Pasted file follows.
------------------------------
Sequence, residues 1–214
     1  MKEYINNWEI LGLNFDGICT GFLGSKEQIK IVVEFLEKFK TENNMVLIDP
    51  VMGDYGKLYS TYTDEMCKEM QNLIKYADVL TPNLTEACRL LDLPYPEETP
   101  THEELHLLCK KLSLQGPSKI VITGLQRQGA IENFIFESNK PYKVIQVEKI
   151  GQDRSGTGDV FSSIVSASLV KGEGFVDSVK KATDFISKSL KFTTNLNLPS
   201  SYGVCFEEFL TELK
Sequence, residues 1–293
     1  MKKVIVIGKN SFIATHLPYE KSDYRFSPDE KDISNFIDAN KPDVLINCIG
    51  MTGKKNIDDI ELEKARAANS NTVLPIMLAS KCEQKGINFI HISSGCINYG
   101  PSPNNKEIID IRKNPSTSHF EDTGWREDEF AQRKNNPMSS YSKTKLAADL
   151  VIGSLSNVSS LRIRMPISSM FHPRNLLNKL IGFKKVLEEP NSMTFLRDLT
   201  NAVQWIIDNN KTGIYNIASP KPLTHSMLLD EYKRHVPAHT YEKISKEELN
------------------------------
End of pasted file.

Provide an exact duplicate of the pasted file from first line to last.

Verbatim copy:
Sequence, residues 1–214
     1  MKEYINNWEI LGLNFDGICT GFLGSKEQIK IVVEFLEKFK TENNMVLIDP
    51  VMGDYGKLYS TYTDEMCKEM QNLIKYADVL TPNLTEACRL LDLPYPEETP
   101  THEELHLLCK KLSLQGPSKI VITGLQRQGA IENFIFESNK PYKVIQVEKI
   151  GQDRSGTGDV FSSIVSASLV KGEGFVDSVK KATDFISKSL KFTTNLNLPS
   201  SYGVCFEEFL TELK
Sequence, residues 1–293
     1  MKKVIVIGKN SFIATHLPYE KSDYRFSPDE KDISNFIDAN KPDVLINCIG
    51  MTGKKNIDDI ELEKARAANS NTVLPIMLAS KCEQKGINFI HISSGCINYG
   101  PSPNNKEIID IRKNPSTSHF EDTGWREDEF AQRKNNPMSS YSKTKLAADL
   151  VIGSLSNVSS LRIRMPISSM FHPRNLLNKL IGFKKVLEEP NSMTFLRDLT
   201  NAVQWIIDNN KTGIYNIASP KPLTHSMLLD EYKRHVPAHT YEKISKEELN